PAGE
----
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Movie Review: A Physics Teacher's Take on 'The Theory of Everything'

As the 87th Academy Awards approach, we asked NMSI’s science coordinator, Randy Baskin, to share his thoughts on Best Picture nominee, “The Theory of Everything,” a biopic about theoretical physicist and cosmologist Stephen Hawking.
As a physics teacher, I was curious about the film “The Theory of Everything,” wondering how Hollywood would summarize both the extraordinary physics and the compelling life story of Stephen Hawking and family. Hawking, who lent his computerized voice to the movie has called it, “broadly true.” Not exactly a ringing endorsement, but surely a movie that shows the transformation of Hawking from a carefree prodigy to the world’s favorite physicist is a must-see? Sadly, the science is given short shrift, but the film is a winner in its focus on Hawking’s relationship with his wife Jane and their struggle as his health deteriorates from a debilitating neurological disease and their marriage crumbles.
The film opens in picturesque Cambridge in 1963, with a Hawking wonderfully able to balance the pursuits of chess master, pinball wizard, crew coxswain, distracted science geek, and studious wooer of Jane. His brilliance is intuitively obvious to the most casual observer. He procrastinates for a week on a difficult electricity and magnetism problem set and on the morning of the due date, unable to find a piece of paper, solves most of the problems on the back of a railroad timetable chart. Stephen’s major professor takes him to an old school lab and reveals to him, “This is where Rutherford split the atom.” Immediately, we see a slight shake of Stephen’s hand, and then a small stumble of his foot. It is subtle, not malicious.
Eddie Redmayne, who recently won a Golden Globe Award for his portrayal of Hawking, and co-star Felicity Jones have excellent chemistry as a young Stephen and Jane. He is bumbling and sly, while she is winsome and witty. He’s studying cosmology and theoretical physics, while she’s studying medieval Spanish poetry. He’s an atheist seeking “one single unifying equation” that will sort out everything, while she’s a devout member of the Church of England, seeking illumination and meaning through faith.
Adversity, however, soon strikes. At age 21, Stephen is diagnosed with amyotrophic lateral sclerosis, also known as Lou Gehrig’s disease, and given two years to live. Stephen tries to withdraw from the world, but Jane will not allow him to wallow in self-pity and insists she will take whatever time they have left together. They quickly marry, and eventually have three children. The family struggles financially, but Stephen remains a smiling pessimist while Jane leans on her faith and the church choir. One of the rich scenes in the movie involves the continuing deterioration of Stephen’s locomotive skills and his first electric wheelchair. Initially he feels a sense of resignation but soon he is driving around the house dressed like a Dalek from “Doctor Who,” yelling, “Exterminate!” It is this attitude and perspective that make the film so compelling.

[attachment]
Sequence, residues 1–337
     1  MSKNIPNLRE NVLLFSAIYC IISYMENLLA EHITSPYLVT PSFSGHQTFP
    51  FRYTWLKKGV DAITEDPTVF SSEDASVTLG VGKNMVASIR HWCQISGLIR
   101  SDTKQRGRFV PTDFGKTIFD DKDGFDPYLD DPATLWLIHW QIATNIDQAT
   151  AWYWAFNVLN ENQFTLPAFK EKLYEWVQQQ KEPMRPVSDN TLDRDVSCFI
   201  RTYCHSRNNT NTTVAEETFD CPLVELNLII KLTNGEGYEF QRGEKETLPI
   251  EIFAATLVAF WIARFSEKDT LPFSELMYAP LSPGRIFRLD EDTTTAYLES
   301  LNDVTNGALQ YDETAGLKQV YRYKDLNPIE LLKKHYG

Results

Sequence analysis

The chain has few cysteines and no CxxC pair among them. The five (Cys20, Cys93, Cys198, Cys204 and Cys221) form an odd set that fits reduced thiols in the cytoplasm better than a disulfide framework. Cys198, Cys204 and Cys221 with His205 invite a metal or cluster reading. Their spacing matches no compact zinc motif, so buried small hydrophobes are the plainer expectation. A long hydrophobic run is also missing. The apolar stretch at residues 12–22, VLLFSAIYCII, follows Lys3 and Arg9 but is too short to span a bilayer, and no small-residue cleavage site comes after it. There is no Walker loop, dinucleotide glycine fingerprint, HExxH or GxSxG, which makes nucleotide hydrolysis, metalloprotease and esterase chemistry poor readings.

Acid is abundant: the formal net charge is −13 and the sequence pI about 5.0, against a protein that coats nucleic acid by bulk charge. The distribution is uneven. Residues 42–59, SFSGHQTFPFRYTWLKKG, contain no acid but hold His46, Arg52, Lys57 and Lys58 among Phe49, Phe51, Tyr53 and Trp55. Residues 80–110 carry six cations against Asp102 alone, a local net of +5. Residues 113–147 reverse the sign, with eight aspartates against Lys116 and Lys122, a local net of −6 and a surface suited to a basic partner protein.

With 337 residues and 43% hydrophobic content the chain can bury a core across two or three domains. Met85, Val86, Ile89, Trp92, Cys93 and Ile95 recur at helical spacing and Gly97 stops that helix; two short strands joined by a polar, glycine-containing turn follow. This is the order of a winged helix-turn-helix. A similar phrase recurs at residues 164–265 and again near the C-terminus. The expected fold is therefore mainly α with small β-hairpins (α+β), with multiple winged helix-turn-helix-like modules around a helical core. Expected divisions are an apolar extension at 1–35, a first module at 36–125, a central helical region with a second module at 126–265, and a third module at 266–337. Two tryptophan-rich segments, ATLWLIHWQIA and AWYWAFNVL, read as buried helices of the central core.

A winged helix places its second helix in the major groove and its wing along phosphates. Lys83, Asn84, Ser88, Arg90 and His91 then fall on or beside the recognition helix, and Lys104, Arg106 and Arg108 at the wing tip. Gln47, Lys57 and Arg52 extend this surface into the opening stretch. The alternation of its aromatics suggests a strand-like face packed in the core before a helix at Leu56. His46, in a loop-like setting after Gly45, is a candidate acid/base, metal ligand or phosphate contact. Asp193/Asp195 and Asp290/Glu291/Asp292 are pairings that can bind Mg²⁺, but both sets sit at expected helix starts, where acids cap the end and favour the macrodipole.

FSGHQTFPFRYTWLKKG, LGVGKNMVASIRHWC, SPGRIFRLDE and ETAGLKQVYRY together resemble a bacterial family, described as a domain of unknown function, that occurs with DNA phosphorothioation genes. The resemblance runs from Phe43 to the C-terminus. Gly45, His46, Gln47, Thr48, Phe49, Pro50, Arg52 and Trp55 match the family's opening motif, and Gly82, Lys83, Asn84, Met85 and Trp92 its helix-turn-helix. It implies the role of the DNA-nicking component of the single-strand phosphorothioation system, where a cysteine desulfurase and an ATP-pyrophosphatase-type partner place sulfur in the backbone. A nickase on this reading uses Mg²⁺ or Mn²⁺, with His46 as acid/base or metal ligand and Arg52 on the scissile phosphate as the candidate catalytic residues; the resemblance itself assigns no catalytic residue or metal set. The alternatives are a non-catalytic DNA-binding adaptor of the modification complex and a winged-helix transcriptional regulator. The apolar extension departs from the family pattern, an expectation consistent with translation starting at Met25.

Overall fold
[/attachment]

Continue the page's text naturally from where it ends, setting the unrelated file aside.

As Hawking’s work becomes more acclaimed, his physical decline increases along with Jane’s growing discontent and the dissolution of their marriage. Unfortunately, the film glosses over the divorce and extra-marital relationships of both Stephen and Jane. Hawking’s momentous scientific discoveries remain largely unexplored and when mentioned are met with an admiring roll of the eyes from his peers, professors, and Jane or thunderous applause from audiences of his peers while celestial music plays in the background. If you are looking for a quality discussion of Hawking’s work, then I recommend Errol Morris’s documentary, “A Brief History of Time.”
Hawking recently expanded on his original two-word review of the film in an update on his Facebook page, “Seeing the film has given me the opportunity to reflect on my life. Although I’m severely disabled, I have been successful in my scientific work. I travel widely and have been to Antarctica and Easter Island, down in a submarine and up on a zero-gravity flight. One day I hope to go into space. I’ve been privileged to gain some understanding of the way the universe operates through my work. But it would be an empty universe indeed without the people that I love.”
I strongly recommend the film. It’s a powerful, human drama. Eddie Redmayne is astounding in his portrayal of Stephen Hawking and his performance will stir your science soul. The film will not add to your understanding of how general relativity and quantum mechanics fit together, but it will speak to the vicissitudes of life and reaffirm that adversity is part of the unifying equation for the human condition. Two opposable thumbs up!